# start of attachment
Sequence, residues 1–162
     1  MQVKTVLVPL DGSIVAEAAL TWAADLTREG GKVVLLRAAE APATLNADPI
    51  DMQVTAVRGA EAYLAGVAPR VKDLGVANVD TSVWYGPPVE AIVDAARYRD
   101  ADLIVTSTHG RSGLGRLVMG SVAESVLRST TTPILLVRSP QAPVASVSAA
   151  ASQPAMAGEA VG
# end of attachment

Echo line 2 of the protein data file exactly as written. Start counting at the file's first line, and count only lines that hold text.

     1  MQVKTVLVPL DGSIVAEAAL TWAADLTREG GKVVLLRAAE APATLNADPI